Is it cyber governance?
or DDoS attacks - flooding the websites of MasterCard and Visa and temporarily incapacitating them. Facebook and Twitter retaliated by closing Operation Payback user accounts, but not before hacktivists spread their cause across the web. The Low Orbit Ion Cannon (LOIC), software enabling people to lend their computers for these attacks, has reportedly been downloaded more than 53,000 times, leaving corporations and governments scrambling ?to prepare in case their websites become the next targets. The pro-WikiLeaks protesters gathered under the umbrella name Anonymous, which Tunisian cyber-activist Slim Amamou calls, "a new spirituality." It's an organised, yet leaderless, disorganisation, a flash mob that fits the decentralised nature of the web. Gregg Housh, a Boston-based cyber-activist jailed for hacking as a teenager, who claims inside knowledge of Anonymous but no participation in the recent attacks, explained: "There's no membership, there's no strategising. It's however it seems to flow." Someone posts an idea online, interested people decide if it's "great," "bad," or "horrible" and respond. Amamou calls the system, "reverse control" or "the brush principle - where whoever takes a brush and starts painting picks the color ?of the paint."
While illegal, activists admit, their attacks differ from malicious criminal hacking as the deliberate strategy is to avoid collateral damage to the public. Amamou, who claims no personal involvement in such attacks, said the goal is to raise awareness of Internet censorship and protect free expression on the web. Operation Payback considered targeting company infrastructure, but instead chose corporate websites to attack the public images of companies without jeopardising services to consumers. Another distinction is the solicitation of mass volunteerism rather than the criminal seizure of involuntary "zombie" computers, or botnets, without the permission or knowledge of their owners.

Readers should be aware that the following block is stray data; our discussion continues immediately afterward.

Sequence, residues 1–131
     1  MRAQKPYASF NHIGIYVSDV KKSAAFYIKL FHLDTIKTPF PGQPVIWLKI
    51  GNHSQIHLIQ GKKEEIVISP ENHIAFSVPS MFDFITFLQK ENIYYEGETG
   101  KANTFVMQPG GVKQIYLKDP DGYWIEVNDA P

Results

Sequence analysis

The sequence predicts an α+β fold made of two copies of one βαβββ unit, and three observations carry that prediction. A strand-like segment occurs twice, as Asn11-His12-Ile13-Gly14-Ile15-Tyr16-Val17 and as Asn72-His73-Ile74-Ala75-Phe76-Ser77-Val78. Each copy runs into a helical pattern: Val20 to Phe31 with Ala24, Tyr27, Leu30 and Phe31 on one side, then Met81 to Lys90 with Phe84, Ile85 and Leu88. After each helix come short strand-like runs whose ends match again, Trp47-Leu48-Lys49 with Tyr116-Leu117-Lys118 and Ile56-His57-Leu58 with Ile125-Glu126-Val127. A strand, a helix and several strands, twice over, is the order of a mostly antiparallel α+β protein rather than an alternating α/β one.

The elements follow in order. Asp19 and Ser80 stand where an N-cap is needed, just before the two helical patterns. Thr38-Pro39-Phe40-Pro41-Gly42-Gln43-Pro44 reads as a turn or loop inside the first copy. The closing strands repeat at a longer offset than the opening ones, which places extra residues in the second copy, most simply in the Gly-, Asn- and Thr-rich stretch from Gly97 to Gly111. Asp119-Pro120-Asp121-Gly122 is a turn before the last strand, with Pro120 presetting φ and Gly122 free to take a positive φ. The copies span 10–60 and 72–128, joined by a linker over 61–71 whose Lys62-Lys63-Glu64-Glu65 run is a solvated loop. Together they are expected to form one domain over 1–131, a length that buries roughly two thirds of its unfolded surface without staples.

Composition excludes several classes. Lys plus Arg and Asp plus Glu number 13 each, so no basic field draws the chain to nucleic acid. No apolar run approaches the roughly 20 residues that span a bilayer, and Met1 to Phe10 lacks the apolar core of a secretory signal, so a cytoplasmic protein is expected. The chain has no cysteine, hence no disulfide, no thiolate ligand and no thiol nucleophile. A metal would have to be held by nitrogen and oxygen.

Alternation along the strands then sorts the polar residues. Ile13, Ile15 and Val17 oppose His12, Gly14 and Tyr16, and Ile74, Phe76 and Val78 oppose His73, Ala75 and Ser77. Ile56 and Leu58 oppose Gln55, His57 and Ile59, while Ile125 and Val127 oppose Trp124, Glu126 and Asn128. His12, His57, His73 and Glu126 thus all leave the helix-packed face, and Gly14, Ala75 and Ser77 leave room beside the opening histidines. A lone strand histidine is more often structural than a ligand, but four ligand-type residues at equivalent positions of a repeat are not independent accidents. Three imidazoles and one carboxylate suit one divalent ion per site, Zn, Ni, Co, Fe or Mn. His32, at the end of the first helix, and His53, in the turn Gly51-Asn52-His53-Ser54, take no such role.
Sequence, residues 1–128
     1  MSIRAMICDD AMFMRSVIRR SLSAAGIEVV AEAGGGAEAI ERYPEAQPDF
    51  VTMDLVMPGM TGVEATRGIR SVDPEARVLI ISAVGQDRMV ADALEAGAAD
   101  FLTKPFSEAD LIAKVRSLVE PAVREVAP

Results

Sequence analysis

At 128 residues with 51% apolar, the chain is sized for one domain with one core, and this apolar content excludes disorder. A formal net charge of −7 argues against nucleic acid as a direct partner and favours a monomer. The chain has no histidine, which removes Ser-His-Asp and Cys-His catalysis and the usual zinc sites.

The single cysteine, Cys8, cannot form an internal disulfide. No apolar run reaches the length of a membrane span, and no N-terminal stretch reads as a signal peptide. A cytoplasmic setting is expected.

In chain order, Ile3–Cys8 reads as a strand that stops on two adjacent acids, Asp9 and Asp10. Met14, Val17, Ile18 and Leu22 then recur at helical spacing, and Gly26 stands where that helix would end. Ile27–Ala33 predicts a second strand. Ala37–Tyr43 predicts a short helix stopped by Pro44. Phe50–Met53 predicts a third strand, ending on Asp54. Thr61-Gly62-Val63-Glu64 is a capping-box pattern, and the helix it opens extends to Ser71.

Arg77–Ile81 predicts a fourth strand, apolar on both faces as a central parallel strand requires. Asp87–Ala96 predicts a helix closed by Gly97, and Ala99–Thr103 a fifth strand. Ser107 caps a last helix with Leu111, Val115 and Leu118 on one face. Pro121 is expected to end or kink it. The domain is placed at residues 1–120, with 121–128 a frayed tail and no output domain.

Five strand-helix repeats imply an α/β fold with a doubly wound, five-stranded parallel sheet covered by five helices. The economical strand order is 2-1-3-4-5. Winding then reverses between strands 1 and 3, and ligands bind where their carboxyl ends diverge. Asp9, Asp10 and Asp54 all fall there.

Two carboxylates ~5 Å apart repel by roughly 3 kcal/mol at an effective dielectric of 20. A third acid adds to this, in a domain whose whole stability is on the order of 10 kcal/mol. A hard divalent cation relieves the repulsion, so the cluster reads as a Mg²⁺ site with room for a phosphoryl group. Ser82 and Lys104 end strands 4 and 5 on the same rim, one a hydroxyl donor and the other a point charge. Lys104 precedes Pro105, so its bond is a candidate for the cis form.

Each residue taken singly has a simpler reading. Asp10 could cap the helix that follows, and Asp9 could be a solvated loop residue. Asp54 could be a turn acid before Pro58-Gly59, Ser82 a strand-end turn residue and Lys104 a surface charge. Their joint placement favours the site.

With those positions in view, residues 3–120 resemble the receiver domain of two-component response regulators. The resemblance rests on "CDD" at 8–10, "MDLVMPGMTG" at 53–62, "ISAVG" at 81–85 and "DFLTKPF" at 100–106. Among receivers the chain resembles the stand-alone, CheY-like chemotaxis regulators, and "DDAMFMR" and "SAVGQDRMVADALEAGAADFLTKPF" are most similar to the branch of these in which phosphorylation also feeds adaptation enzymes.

In interviews several activists claimed Operation Payback protests highlight the duplicity of Western corporations that terminated services on political and not legal ground. The corporations argue that by publishing leaked US diplomatic cables, WikiLeaks violated the companies' terms of service prohibiting illegal behaviour. However, WikiLeaks has not been charged with a crime. The only person facing charges related to the cables is Army Private Bradley Manning. But his alleged theft of these documents is distinct from the right of a free press, including Internet media, to ?diffuse information to the public in a responsible manner.
Activists point out that corporations have not yet spoken out against news organisations that also published the cables, including The New York Times, The Guardian and Der Spiegel - though Lieberman has suggested The New York Times and other news organisations could be investigated for breaking US espionage laws. In the absence of any action against those organisations, the arbitrary targeting of WikiLeaks, activists say, amounts to corporations serving as judge, jury and executioner.